If you're talking about the '77 session, then they were definitely recorded at Maida Vale. The session was documented in Record Collector some years ago where engineers were interviewed. Why would you think there's any mystery to the session? In no way do they sound too polished for the band to have recorded the tracks live and added a few overdubs (in fact, they sound typical of recordings from Maida Vale in 77) - as was the norm by that period.
And regarding recording dates for earlier sessions that WERE based on album versions - what's wrong with that? They're not claiming to give details on the actual recordings - they're the dates the band entered Langham/Maida Vale Studios and added new vocals and guitar overdubs to existing recordings to create new masters for the BBC.

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Posted: 23 May 10, 08:59 Edit this post Reply to this post Reply with Quote

Sir GH wrote:

Soundfreak wrote:



"Most recordings - even the very early ones like "Liar" and "Keep yourself alive" turn out to be just remixes of the originals.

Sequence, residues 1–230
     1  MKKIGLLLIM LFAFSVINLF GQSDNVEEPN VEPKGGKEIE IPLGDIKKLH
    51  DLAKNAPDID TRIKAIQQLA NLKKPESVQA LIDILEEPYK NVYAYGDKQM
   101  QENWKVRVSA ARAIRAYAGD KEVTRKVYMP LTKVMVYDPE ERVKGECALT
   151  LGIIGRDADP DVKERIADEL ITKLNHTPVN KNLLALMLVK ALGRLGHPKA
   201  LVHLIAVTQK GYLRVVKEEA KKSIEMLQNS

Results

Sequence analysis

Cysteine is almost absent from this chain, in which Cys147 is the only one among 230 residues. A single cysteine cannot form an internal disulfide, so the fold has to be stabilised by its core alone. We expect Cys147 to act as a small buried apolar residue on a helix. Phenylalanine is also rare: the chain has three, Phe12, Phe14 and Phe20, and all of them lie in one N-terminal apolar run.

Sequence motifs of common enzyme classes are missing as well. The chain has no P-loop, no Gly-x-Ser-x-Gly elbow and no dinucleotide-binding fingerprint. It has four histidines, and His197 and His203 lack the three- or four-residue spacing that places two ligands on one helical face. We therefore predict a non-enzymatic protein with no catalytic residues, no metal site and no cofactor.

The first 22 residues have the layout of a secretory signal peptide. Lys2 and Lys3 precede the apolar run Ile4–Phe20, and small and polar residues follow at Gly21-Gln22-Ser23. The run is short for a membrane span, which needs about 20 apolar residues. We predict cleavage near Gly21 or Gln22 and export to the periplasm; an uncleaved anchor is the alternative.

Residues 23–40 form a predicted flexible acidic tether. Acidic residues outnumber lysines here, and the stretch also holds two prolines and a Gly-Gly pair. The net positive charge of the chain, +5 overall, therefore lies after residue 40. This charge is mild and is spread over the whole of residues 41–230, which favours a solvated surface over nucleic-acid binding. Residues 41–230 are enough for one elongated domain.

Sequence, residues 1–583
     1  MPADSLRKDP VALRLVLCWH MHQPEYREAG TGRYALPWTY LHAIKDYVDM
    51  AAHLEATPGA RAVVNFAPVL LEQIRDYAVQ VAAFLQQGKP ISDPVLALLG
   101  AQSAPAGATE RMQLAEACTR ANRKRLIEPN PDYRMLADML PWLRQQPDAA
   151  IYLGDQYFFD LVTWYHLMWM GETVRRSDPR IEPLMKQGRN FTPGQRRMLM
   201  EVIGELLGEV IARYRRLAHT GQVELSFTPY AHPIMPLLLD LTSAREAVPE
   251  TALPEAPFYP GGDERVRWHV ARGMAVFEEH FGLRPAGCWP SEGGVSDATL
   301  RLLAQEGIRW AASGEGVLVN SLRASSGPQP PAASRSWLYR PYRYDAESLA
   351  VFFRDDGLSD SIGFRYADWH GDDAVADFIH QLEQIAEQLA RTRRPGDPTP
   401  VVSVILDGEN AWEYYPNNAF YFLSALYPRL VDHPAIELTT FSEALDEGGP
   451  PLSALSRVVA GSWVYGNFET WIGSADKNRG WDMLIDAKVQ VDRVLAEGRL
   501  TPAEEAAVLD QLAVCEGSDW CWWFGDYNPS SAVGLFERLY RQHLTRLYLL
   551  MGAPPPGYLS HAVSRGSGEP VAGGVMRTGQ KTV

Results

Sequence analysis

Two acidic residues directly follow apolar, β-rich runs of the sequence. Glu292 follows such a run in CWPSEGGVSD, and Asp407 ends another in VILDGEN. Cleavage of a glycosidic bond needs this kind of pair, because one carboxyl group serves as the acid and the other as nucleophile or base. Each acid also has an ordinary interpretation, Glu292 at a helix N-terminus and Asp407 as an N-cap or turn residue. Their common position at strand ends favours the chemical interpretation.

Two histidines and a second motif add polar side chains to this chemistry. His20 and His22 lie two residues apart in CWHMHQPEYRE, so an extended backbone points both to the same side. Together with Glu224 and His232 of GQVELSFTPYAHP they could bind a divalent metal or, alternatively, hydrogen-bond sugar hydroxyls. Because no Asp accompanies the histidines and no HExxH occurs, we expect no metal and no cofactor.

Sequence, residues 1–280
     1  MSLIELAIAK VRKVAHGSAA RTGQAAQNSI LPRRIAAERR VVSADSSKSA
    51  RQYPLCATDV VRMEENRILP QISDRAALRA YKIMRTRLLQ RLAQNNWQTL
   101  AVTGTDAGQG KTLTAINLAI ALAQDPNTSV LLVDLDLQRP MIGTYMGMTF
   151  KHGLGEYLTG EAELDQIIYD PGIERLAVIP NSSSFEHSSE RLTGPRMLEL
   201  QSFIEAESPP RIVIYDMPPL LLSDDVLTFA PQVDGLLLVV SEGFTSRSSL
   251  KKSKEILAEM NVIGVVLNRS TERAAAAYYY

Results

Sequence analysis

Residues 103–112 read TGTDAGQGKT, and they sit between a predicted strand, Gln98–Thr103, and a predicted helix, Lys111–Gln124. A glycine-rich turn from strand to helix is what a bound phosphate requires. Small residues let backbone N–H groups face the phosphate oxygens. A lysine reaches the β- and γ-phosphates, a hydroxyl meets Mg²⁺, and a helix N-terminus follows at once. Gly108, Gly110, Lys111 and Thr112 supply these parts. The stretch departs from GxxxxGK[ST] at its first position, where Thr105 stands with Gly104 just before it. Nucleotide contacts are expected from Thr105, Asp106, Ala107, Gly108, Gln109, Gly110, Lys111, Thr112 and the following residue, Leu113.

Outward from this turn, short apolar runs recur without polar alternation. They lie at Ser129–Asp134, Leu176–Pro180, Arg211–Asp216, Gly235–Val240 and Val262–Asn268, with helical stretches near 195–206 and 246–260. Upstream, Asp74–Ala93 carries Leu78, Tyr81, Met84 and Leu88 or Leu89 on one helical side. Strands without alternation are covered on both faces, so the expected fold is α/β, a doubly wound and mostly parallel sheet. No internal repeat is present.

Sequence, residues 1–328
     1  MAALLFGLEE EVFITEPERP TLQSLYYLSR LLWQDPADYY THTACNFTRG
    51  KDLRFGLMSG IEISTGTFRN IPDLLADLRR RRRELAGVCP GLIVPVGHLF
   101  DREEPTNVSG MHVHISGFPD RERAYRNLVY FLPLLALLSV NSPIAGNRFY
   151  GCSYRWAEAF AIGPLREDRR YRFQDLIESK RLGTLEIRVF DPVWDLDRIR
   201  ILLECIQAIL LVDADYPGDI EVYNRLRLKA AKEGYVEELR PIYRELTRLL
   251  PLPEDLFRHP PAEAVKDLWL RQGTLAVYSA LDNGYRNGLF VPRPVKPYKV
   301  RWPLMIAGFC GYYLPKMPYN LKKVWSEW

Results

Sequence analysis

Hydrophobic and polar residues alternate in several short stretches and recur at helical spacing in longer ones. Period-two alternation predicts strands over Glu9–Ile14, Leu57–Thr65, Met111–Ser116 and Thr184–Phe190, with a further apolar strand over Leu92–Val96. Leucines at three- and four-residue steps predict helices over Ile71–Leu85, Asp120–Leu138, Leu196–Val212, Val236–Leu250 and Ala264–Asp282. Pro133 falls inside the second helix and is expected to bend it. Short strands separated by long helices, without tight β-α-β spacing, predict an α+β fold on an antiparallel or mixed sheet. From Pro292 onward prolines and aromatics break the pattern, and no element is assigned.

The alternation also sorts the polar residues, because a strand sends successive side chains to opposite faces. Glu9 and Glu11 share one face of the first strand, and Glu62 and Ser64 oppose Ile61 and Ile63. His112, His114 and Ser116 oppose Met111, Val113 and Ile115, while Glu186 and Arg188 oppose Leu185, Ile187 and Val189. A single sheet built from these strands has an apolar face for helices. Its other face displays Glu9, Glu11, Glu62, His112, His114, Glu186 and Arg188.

The songs from "Sheer Heart Attack" sound exactly like the original backing tracks with slight vocal changes or a different solo.
The ones from "News of the World" sound much to elaborate to be BBC sessions. "WWRY" uses the original backing track, "It's late" has all those harmonizers Brian May needed for "Get down make love". It would have taken a lot of time just to install it and make it sound right in the BBC studio. Also the so called BBC-version of "WWRY" was given to the american Radio network including a cd release - quite unusual for BBC sessions."


I'd say you're pretty bang on overall.  And Inu is right about MOTBQ being the only untouched song.  Here are the details as best as I can hear them:

Session 1 (Feb 73) was the studio versions with new lead vocal tracks, mixed a bit differently.